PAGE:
Commodity Prices

Josh Nelson
CPS Tangent


 
Commodity price changes. The table below shows trends between Nitrogen, Diesel and Wheat prices from 1993-2012. 



World economies, power struggles in developing countries and natural disasters have made for very uncertain times. No surprise to anyone, commodity prices are volatile. Inputs, such as, Nitrogen and Diesel continue their upward movement. Unfortunately Wheat prices have fallen off of their high from 2011 to approximately $6.95/bushel. As of April 2012 prices for these three commodities are are Nitrogen at $0.66/unit, Diesel $4.14/gal and Wheat $6.95/bu.

Why are Nitrogen prices continuing to climb with Natural Gas at 10 year lows?

Explanation; corn is projected to be the largest planted acreage since 1937, 95.9 million acres.  There is a huge amount of demand on the supply chain right now. There is a bottle neck caused by weather and logistics. The Midwest distributors held off on filling and taking positions throughout the winter because of what they’ve seen happen to them in the past, as well as listening to the drum beat of how the market was going to soften going into spring instead of firming.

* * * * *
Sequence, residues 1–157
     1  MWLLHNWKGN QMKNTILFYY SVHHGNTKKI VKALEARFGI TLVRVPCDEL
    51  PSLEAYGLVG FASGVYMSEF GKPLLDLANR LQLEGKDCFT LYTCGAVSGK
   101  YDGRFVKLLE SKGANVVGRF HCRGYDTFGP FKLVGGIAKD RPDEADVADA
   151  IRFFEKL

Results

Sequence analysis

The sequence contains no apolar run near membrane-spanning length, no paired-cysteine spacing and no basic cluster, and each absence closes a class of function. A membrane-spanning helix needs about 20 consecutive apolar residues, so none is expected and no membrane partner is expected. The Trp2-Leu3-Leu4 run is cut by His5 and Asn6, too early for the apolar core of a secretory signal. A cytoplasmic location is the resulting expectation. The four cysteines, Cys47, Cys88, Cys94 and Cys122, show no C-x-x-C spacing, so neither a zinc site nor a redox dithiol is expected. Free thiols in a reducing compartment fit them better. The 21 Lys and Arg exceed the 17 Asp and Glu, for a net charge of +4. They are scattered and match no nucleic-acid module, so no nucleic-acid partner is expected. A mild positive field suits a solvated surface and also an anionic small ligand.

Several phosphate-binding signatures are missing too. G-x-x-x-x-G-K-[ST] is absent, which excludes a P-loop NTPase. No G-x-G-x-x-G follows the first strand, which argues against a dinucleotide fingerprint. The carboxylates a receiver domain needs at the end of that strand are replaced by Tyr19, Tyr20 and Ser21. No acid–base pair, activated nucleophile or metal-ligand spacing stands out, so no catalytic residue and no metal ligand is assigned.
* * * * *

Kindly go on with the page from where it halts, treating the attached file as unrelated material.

There will continue to be many questions and concerns moving into the harvest season of 2012, however, as with any turbulent markets there are opportunities as well. Carefully consider crop rotations, no-till versus conventional planting, bailing straw versus chopping, soil testing, nutrient management, etc. Ask your CPS fieldman about nutrient removal when bailing; it is important to understand the true value of your straw. Develop cost effective strategies to managing nutrient deficiencies with Nature’s Supreme, Lime and Variable Rate applications. Sign up for commodity reports from Tangent CPS website, USDA Grain Reports, Pendleton Grain Growers, etc. Keeping yourself informed will help you find and take advantage of these opportunities.